The remote working model enabled by cloud solutions is also resulting in a competitive advantage. Work at home programs can allow for broader recruitment base, faster onboarding w/ BYOD and more satisfied agents, which all present overall cost savings for contact centers. In this industry, every penny saved is a competitive advantage.
WB: Everyone wants to talk about AI, but really, the old is forever new. Find out what applications or business processes your customers want to tap into and expose them to their mobile device. You have to do the obvious, make those engagements faster and easier than they can do in a live conversation. It’s all about meeting the expectations of the consumer.
BR: Agent behavior and process is no longer a mystery. Asking agents what applications they use or how long it takes them to process a return or a complaint doesn’t have to be folklore any longer. Insight into applications, number of clicks and time spent in any one or multiple applications is now a reality. Information about how end users complete a task or a service call is now available at the click of a mouse. New tech solutions are emerging to enhance this agent tracking, and all this real time information can be used to optimize processes and make more informed business decisions. Any contact center that isn’t accessing this type of data will quickly find itself falling behind in 2018
WB: Well, based on my last comment, you might think I’m not too hot on AI. AI to me is intelligence in the workflow for completing a task or getting information easily. The only thing artificial is how you fulfill the request. But humans have to understand the objectives of their customers before you can automate anything to meet their needs. It takes smart analytical people to implement automated services to first of all understand what customers want, and then be able to translate that into a service experience that can meet their needs.
BR: Hard phones will continue to fizzle out in 2018 with the advent of a reliable soft phone and the continued reliance and advancements of Voice over IP. The shackles of a physical phone have not only become unnecessary but is seen as outdated. Many were waiting to move based on the use of VDI or a Citrix type deployment but those hurdles have been cleared with new high performance deployments which can handle not only voice and softphones but high-def video as well.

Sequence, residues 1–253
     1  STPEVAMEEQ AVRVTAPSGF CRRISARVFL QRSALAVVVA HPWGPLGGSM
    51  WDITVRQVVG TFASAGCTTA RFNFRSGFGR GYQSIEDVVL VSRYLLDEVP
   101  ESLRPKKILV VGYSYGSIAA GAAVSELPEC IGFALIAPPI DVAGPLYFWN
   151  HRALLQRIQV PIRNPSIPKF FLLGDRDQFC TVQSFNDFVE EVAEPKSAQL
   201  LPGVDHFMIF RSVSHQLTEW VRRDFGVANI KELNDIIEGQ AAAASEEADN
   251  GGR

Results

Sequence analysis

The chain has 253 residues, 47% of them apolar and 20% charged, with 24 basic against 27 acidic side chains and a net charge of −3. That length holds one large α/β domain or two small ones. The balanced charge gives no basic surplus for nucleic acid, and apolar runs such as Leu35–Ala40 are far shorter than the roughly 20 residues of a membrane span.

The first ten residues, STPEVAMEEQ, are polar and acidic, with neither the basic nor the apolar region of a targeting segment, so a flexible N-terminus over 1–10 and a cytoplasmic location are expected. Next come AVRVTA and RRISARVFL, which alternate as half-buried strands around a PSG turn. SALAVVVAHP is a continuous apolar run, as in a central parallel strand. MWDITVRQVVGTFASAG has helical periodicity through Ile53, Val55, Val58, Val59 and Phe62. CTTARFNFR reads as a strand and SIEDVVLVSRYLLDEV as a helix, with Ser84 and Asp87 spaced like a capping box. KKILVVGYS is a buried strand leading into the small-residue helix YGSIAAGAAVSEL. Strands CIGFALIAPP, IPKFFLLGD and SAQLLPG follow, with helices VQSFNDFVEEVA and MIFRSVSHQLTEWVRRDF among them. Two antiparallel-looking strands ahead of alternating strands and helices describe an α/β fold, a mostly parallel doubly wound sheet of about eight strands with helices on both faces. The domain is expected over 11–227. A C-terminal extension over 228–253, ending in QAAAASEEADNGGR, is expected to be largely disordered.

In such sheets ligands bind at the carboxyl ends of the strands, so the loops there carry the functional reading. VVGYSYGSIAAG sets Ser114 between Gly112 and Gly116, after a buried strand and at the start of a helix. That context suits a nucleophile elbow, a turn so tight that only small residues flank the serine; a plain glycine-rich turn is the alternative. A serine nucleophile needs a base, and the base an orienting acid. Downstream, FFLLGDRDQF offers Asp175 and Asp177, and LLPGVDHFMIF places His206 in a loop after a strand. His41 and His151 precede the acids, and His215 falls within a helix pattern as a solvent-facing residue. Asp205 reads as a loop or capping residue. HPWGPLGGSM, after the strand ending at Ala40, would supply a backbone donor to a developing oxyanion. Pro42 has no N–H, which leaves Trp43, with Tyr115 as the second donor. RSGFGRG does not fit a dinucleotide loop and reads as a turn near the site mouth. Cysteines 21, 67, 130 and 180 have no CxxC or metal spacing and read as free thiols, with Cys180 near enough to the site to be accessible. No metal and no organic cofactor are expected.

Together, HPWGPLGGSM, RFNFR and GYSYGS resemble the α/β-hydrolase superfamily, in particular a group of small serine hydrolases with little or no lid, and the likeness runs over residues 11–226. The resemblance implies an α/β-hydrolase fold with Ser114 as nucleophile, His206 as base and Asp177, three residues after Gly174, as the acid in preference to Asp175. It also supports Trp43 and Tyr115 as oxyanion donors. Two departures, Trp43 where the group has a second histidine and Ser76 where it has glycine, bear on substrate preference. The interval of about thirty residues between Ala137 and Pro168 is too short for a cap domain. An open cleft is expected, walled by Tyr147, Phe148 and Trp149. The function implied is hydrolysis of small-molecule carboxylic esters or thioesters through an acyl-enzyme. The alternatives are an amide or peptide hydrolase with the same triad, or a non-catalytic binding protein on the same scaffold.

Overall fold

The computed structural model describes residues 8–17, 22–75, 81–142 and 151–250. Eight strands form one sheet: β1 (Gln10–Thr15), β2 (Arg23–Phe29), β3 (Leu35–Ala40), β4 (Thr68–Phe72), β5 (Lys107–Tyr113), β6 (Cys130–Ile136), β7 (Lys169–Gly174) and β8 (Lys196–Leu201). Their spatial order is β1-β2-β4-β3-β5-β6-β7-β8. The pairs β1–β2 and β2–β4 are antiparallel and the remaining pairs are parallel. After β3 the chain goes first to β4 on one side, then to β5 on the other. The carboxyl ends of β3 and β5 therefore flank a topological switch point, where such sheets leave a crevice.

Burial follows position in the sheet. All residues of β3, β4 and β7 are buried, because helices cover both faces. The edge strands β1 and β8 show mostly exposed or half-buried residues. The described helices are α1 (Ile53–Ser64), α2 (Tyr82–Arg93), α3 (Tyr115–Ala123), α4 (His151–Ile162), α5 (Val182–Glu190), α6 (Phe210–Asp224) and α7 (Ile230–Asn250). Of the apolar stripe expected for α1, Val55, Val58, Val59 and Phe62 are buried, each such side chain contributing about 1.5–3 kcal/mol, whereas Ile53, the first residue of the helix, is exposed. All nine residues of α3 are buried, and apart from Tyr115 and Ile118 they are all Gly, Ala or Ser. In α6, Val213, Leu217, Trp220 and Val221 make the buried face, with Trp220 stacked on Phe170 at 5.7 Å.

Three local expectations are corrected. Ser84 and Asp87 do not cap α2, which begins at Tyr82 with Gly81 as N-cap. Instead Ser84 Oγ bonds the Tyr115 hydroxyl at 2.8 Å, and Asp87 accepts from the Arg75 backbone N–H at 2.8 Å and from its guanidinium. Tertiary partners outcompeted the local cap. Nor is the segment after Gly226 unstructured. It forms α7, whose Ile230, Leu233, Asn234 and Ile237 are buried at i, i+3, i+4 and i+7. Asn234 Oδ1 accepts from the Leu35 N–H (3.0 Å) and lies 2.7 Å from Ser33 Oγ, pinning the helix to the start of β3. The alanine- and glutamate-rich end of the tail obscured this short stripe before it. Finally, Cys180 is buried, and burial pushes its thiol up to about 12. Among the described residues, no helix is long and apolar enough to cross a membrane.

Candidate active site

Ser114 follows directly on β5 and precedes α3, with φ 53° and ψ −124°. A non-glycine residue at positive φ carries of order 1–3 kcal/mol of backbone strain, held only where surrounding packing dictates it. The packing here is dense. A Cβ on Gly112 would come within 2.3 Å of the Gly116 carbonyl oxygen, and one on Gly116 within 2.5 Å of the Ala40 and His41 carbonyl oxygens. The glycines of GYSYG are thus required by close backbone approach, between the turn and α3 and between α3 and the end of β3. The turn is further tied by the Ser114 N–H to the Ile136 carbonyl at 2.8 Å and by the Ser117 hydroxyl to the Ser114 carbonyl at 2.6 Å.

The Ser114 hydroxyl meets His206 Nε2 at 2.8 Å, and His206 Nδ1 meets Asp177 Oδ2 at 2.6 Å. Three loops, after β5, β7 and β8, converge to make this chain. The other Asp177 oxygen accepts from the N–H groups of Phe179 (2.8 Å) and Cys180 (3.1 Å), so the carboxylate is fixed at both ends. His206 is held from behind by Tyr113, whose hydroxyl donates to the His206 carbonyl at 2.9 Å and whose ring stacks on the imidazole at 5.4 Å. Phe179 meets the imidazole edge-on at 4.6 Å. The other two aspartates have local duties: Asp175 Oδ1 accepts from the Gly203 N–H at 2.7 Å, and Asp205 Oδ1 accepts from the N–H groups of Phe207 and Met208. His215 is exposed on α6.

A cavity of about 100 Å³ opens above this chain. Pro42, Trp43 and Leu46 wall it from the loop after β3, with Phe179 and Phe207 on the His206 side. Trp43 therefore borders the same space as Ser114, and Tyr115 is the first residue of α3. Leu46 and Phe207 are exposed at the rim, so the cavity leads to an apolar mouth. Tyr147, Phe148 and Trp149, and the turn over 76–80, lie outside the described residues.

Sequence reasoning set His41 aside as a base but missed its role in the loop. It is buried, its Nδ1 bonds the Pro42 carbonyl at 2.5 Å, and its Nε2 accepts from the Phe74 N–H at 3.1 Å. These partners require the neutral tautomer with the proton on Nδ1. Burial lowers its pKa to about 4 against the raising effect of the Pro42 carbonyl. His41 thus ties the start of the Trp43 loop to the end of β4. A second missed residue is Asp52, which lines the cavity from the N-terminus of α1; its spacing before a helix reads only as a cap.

WB: I think they are going to be excited about the customer service experiences they can deliver and the customer satisfaction score improvement they earn when they listen to clients and give them what they want! But, and it is a big but, you have to listen and design your engagement to meet their needs. And it isn’t always hard stuff. One of my favorite examples is when I fly. My airline figured out that they can reduce my calls to reservations by sending me text updates. That is a win on so many levels for the airlines. Cost of service and my customer experience! They also know when I call them that most of the time it is to find out about my flight. And before I have to ask, they tell me all about my flight. That makes me happy and saves me and them time and cost. The “smart” contact centers are going to be excited about finding things like this that make me happy and save them money. That’s a win/win for all of us.
BR: Going 100% remote! The dissolving of the brick and mortar contact center will open opportunities for not just agents but managers, C- levels and even IT staff.
Many of these early adopters have been through the work at home “game” before but technology such as high speed bandwidth availability, poor performing virtual desktop environments as well as workforce management tools didn’t allow for an easy nor successful deployment. That’s all changed. This round of early adopters may be fearful at first but as they see how the technology has improved, their excitement will return based on the multitude of benefits it enables.